On September 15, 1963, around 10:22 a.m., 26 children walked to the basement of the three-story 16th Street Baptist Church in Birmingham, Ala. They were headed to Sunday school to hear the day’s lesson, “The Love That Forgives.” Suddenly, an explosion rocked the building, destroying the rear wall of the church and all but one stained-glassed window on the lower level. Ironically, the scene in that window depicted Christ leading a group of little children.
Addie Mae Collins (14), Carole Robinson (14), Cynthia Wesley (14) and Denise McNair (11) were killed in the bombing; 22 additional congregants were severely injured. The young girls were the victims of racial terrorism, their lives cut short because their church was a central location for civil rights meetings and rallies led by Martin Luther King, Jr., Ralph David Abernathy and Fred Shuttlesworth.
Members of hate groups, particularly the Ku Klux Klan, were angered that a federal court had ordered the integration of Birmingham city schools and that Birmingham city officials had reached settlements with demonstrators to integrate public places. The settlements led to a series of bombings and other violent activities. But none of the retaliatory acts touched the heart of the nation, and ultimately the world, as much as the one that led to the deaths of the four innocent girls.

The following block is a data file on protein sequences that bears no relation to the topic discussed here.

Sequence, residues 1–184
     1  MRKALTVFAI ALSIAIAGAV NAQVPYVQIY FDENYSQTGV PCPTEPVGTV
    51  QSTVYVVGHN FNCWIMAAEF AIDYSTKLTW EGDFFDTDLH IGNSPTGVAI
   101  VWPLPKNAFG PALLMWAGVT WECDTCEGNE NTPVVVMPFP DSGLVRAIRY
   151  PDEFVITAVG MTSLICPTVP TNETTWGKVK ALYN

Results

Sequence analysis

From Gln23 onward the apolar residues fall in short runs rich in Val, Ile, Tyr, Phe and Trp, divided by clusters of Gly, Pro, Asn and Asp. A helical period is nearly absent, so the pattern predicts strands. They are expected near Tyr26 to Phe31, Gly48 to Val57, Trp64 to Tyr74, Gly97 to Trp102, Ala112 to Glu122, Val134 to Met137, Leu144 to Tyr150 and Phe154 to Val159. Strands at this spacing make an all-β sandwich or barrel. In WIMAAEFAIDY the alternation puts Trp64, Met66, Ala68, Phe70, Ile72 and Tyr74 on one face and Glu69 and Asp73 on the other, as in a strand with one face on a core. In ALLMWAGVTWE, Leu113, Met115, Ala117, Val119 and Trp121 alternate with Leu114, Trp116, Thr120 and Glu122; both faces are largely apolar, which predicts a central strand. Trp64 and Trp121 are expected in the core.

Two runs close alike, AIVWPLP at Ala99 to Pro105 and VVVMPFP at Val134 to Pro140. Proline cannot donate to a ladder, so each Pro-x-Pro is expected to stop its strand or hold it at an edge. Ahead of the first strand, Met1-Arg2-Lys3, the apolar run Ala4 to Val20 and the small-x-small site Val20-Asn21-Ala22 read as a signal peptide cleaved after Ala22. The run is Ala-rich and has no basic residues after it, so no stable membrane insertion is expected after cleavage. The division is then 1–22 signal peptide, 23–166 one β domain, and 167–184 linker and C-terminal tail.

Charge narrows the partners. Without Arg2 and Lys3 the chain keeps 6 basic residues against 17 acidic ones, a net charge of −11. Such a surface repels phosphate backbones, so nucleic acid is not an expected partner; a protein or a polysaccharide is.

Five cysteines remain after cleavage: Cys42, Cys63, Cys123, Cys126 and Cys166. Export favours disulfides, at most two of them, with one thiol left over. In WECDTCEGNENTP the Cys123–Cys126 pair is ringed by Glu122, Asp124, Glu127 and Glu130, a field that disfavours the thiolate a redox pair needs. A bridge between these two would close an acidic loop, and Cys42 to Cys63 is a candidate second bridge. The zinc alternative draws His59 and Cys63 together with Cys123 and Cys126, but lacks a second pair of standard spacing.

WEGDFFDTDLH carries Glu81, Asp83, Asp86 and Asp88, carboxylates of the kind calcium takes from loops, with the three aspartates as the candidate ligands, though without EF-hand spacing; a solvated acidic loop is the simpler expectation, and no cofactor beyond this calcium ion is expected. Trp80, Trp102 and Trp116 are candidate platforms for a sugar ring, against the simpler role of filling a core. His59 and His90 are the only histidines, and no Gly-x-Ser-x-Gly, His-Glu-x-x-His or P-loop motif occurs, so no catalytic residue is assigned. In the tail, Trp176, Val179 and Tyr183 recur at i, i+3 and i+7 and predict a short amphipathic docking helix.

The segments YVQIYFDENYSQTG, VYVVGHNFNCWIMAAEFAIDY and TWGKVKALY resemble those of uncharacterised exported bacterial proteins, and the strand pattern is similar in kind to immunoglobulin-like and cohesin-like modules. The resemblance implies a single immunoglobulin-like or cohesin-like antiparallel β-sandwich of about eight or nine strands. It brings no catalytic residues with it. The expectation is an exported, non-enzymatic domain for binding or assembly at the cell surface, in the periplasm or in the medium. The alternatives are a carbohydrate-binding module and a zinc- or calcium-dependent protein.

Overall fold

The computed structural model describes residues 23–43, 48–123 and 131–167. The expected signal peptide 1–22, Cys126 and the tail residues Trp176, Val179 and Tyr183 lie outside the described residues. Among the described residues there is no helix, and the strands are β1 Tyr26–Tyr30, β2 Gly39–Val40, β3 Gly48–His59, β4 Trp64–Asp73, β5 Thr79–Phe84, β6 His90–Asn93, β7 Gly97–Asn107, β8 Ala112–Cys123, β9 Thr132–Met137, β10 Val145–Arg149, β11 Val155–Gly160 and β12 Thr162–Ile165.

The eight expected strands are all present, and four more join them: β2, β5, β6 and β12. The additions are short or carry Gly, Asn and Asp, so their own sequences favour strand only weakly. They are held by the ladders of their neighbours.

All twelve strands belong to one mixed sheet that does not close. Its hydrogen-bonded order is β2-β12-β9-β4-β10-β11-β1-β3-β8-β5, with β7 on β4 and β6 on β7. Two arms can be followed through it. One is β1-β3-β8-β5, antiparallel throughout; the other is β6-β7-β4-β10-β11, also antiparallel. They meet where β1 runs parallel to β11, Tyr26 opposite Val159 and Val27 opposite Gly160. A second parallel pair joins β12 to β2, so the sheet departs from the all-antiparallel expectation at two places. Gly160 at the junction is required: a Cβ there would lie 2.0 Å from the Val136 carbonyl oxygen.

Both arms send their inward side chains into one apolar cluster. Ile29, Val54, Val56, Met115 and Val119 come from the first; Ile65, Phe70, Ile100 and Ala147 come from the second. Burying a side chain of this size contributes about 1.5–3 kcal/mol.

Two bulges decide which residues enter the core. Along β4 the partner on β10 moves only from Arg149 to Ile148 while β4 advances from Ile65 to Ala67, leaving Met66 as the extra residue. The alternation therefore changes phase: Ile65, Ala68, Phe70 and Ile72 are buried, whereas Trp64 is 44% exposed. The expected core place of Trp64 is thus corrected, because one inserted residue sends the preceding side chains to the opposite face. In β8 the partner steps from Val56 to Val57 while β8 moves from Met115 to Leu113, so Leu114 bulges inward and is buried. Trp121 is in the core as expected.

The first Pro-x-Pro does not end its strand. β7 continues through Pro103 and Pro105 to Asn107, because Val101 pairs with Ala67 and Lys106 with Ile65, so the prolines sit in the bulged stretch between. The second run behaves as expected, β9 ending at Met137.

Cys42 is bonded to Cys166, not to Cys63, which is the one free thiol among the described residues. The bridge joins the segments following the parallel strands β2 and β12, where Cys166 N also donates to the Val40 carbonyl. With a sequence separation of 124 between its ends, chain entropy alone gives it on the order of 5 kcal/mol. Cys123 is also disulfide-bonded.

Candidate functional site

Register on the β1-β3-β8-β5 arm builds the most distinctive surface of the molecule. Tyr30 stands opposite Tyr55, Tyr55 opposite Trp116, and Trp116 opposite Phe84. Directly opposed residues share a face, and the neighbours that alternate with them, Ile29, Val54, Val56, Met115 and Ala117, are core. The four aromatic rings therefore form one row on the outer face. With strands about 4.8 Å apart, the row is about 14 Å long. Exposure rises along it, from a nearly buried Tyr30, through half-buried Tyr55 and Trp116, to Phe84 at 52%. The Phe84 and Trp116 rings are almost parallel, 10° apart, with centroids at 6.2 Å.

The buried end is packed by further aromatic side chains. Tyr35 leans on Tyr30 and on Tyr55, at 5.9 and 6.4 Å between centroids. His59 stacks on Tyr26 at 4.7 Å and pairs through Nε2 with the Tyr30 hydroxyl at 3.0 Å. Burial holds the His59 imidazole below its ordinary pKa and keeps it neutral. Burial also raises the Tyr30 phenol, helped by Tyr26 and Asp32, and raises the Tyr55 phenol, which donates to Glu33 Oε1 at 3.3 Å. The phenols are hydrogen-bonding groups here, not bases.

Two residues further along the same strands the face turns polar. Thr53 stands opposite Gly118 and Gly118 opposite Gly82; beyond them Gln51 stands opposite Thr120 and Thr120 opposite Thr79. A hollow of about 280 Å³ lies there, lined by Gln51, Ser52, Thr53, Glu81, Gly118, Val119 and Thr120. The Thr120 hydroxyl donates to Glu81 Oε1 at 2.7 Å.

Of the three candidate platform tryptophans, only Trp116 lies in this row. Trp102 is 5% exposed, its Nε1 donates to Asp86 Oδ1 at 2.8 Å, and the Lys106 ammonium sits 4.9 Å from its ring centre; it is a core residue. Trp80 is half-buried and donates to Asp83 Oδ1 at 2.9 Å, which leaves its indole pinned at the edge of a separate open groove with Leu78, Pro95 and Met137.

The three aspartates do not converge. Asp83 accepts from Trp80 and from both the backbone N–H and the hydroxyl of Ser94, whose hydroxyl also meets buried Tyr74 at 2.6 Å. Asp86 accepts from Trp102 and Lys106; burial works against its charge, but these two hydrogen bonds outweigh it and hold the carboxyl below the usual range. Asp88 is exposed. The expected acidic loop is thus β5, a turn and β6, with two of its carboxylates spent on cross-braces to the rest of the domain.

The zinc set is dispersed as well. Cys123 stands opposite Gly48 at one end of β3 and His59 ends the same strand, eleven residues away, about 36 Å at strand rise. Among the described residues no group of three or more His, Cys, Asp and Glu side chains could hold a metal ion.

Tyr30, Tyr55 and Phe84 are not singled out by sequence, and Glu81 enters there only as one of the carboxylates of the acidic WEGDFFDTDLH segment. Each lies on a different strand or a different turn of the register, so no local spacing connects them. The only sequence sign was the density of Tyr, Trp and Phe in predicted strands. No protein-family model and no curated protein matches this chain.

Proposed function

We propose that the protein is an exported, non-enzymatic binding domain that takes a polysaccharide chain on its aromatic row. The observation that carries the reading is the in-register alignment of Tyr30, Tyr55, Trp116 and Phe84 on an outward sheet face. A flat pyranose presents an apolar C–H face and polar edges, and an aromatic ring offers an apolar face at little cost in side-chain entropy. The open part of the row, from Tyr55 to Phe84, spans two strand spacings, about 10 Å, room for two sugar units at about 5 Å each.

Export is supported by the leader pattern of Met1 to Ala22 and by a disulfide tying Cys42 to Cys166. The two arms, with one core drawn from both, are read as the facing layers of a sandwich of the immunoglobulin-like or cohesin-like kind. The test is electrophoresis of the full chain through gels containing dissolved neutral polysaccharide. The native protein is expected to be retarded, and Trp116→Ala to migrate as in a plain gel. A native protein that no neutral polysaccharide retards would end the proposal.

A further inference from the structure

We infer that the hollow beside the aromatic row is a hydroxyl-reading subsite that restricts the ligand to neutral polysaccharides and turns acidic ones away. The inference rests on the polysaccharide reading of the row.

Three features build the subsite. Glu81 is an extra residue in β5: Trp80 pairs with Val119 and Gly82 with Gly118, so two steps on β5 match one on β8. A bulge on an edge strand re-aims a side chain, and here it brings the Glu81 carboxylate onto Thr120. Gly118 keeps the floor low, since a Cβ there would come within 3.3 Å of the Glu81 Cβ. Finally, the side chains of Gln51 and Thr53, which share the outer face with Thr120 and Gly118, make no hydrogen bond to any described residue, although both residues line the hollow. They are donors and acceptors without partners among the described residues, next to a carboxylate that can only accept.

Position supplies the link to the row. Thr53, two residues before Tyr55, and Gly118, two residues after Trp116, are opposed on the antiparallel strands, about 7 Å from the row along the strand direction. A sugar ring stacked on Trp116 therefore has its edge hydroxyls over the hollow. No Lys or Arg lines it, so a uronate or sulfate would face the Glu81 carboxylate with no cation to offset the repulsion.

After the church bombing, tensions ran high in the city. Angry blacks rioted and civil authorities responded violently. Two people were killed in the aftermath of the bombing, one of them a teenage boy.
When local authorities showed no real concern for solving the crime, the Federal Bureau of Investigation stepped in. Their investigation led to the arrest of Ku Klux Klan member Robert Chambliss, who was charged with murder and illegal possession of dynamite. Chambliss was found not guilty of murder and received a $100 fine and six months in jail for the dynamite possession charge.
More than a decade passed before any other actions were taken in the case. When Bill Baxley became Alabama’s attorney general in 1977, he reopened the case and found that the FBI had accumulated a great deal of evidence against Chambliss that had not been used in the original trial. Baxley successfully prosecuted the 73-year-old Chambliss, who was sentenced to life in prison, where he died on October 29, 1985.
In May of 2000, the FBI announced that three other men also were involved in the church bombing: Herman Cash, Thomas Blanton and Bobby Cherry. Cash had died, but Blanton and Cherry were arrested and later prosecuted for the murder of the four girls. They each received life sentences.
Today, the 16th Street Baptist Church has become a landmark of the Civil Rights Movement, just as the girls who died there on that tragic day in 1963 have become symbols of the high price that was paid by many during the struggle for racial equality.